Colucci’s Jewelers. | 10016 Dorchester rd Summerville SC 29485

Best Jewelry Store in Myrtle Beach, SC

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We want like to take a moment to welcome you to Colucci's Jewelers - Myrtle Beach's premier jewelry store for more than 60 years. We are so happy that you decided to visit our website! We hope that while you're here, you will begin to get a sense of why so many customers choose Colucci's Jewelers over other jewelry stores in Myrtle Beach, SC.
In an industry known for snobby salespeople and overpriced items, Colucci's Jewelers brings warm smiles and affordable prices to jewelry shoppers in the Lowcountry. Unlike other jewelers in Myrtle Beach, the Colucci team focuses on providing customers with an unmatched jewelry experience, from the moment they pull into our parking lot to the minute they leave our showroom. We believe our customers deserve special attention, and our goal is to provide them with friendly, personalized service every time they visit.

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The Colucci Difference

As a certified jeweler with more than 50 years in the industry, Stefan Colucci has built his reputation on excellence and execution. With a wealth of knowledge and a passion for precision, Stefan pours his heart into every custom-made piece of jewelry, repair, restoration, and appraisal that he completes at Colucci's Jewelers. With consistent craftsmanship and impressive attention to detail, Stefan's ability to cater to all your jewelry needs will exceed your expectations every time.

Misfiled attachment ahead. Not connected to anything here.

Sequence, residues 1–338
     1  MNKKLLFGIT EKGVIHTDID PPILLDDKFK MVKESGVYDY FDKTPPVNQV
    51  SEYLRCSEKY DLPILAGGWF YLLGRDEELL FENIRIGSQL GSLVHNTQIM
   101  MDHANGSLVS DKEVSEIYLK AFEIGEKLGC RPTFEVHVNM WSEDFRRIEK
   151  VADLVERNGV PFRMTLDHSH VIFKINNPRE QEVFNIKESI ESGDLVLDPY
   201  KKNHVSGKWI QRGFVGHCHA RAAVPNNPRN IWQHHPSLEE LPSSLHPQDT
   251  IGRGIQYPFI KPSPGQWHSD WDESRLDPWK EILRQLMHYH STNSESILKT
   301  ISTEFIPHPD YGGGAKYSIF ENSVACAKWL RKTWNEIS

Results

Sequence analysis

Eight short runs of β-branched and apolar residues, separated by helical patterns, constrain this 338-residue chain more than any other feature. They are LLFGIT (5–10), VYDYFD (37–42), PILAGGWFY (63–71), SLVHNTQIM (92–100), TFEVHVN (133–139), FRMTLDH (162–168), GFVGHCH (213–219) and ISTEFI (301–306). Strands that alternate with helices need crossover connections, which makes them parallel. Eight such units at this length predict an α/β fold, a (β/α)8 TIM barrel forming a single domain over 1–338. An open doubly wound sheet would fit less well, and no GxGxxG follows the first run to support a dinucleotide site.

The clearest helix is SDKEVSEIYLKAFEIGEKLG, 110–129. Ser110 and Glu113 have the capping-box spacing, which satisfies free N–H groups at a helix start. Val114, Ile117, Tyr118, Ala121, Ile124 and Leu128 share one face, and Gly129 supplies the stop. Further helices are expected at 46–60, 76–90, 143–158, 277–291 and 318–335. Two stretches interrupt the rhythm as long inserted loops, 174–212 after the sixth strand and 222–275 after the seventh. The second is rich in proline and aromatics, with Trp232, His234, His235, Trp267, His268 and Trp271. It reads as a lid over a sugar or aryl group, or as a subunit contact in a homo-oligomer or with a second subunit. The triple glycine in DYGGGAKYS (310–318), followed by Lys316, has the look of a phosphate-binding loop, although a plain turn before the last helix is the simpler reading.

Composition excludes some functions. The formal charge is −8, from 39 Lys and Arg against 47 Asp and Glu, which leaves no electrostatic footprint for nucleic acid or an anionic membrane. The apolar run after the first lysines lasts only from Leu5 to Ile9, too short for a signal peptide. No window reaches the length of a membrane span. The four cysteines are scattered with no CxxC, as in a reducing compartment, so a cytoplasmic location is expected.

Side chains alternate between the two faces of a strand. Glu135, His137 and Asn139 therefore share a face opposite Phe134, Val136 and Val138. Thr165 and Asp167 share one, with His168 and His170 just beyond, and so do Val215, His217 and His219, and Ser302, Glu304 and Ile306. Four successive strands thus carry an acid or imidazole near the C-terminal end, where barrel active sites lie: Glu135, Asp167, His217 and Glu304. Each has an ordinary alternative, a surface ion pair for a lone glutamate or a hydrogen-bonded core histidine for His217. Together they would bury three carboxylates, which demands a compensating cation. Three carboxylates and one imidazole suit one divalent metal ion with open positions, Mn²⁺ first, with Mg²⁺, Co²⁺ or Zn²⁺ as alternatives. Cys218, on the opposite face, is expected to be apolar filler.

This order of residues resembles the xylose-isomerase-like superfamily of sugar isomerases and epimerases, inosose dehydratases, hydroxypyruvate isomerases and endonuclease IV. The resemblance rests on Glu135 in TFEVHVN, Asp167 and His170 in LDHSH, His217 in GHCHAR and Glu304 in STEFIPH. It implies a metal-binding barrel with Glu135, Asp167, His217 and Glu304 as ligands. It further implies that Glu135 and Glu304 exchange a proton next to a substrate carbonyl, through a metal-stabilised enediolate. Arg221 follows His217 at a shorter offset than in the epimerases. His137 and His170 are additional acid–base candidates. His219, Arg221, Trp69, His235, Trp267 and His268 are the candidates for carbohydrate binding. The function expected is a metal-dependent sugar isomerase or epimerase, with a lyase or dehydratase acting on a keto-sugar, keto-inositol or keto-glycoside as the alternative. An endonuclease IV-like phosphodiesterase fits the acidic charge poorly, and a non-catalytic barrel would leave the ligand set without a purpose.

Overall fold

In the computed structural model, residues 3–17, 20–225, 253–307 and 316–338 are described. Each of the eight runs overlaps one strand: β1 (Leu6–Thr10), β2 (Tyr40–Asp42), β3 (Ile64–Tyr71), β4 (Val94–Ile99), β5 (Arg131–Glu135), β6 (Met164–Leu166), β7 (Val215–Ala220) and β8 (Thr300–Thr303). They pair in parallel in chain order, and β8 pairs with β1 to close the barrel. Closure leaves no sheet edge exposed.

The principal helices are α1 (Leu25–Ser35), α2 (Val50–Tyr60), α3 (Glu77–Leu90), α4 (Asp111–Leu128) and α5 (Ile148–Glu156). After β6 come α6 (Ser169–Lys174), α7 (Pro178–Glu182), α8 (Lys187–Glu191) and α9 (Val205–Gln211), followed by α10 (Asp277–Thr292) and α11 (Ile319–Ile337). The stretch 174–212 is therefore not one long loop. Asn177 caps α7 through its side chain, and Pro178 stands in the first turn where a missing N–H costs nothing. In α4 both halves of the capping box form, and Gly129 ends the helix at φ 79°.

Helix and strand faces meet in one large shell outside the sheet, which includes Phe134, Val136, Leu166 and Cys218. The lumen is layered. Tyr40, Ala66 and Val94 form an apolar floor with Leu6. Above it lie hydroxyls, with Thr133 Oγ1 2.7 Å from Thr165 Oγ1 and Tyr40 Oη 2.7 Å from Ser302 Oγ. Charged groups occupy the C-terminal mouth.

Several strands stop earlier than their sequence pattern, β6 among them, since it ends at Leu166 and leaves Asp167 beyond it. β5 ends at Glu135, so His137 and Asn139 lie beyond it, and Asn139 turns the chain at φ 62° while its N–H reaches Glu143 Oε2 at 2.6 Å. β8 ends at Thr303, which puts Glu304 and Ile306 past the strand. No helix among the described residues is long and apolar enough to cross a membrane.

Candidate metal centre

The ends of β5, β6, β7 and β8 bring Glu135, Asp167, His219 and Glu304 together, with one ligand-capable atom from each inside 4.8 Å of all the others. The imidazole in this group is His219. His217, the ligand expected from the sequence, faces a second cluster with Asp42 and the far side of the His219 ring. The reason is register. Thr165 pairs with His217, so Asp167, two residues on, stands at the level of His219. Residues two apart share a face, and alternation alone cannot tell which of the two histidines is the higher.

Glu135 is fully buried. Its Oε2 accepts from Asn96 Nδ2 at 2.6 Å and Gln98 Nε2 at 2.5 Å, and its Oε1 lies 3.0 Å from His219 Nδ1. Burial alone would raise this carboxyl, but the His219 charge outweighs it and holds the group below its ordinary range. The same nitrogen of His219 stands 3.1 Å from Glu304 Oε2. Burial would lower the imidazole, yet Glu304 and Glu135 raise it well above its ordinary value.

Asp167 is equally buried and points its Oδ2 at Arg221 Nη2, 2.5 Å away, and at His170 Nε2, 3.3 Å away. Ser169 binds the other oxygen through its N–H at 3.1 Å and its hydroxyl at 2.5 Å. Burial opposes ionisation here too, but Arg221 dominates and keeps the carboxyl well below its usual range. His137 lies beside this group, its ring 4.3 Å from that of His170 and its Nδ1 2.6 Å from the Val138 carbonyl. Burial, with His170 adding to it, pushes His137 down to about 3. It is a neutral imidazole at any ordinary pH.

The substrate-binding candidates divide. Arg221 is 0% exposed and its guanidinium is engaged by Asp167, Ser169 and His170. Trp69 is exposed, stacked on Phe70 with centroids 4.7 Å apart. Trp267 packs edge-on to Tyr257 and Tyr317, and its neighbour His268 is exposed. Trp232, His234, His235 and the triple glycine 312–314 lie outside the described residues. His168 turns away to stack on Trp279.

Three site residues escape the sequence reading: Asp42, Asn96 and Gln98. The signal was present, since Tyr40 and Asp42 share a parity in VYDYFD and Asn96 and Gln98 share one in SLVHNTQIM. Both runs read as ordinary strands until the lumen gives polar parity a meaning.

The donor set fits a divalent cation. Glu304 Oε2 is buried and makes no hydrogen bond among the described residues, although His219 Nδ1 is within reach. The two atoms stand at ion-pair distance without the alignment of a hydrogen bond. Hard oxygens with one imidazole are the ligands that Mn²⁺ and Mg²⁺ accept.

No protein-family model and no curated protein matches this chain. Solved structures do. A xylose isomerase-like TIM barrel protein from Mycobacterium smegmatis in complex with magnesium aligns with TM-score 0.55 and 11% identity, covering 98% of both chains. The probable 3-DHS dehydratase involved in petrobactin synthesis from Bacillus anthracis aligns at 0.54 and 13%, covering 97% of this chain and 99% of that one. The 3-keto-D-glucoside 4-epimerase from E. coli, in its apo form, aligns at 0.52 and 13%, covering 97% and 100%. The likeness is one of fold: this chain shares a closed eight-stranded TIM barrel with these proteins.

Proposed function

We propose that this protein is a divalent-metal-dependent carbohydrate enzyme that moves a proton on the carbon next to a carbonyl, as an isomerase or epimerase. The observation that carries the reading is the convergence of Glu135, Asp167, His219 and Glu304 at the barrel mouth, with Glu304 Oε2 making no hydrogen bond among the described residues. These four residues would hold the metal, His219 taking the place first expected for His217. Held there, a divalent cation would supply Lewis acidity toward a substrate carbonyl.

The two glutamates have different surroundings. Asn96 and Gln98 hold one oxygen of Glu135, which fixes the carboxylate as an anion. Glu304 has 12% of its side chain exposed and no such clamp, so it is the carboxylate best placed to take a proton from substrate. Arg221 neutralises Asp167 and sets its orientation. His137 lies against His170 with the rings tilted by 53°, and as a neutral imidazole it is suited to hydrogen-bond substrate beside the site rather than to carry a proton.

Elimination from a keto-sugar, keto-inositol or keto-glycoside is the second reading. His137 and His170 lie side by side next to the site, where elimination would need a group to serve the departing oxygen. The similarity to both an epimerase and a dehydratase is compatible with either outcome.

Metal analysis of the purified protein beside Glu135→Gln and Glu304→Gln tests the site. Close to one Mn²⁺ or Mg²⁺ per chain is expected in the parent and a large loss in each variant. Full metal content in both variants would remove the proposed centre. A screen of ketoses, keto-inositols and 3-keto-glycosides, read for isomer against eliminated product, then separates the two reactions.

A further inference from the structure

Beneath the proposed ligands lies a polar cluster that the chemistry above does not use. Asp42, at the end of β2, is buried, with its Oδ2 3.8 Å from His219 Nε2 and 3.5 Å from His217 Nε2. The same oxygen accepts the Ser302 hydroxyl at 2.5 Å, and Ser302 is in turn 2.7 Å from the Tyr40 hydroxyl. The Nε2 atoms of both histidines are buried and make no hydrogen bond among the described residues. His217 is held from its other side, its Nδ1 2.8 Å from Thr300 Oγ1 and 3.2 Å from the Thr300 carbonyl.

While Stefan focuses on creating unforgettable custom jewelry for you or your loved one, his wife Summer specializes in customer service. Kind, patient, and knowledgeable in her own right, Summer will take all the time necessary to answer your questions and guide you through the jewelry selection process. Whether you're stressed out looking for the perfect diamond engagement ring or need to restore a priceless family heirloom, Summer will make sure you receive the attention you deserve.
When you shop at Colucci's Jewelry, understand that we will never try to pressure you into a purchase or provide you with lackluster service if you're "window shopping." We treat each of our customers with the same exceptional care, whether they are repeat clients or new faces.
Colucci's is a name you can trust - there's a reason we were voted Best Jeweler in 2019 by Readers Choice!

Estate Jewelry Myrtle Beach, SC

We offer several different jewelry styles and services in Myrtle Beach, from breathtaking engagement rings to extensive repairs. Keep reading to learn more about a few of our specialties.

 Jewelry Stores Myrtle Beach, SC

Diamond Engagement Rings in Myrtle Beach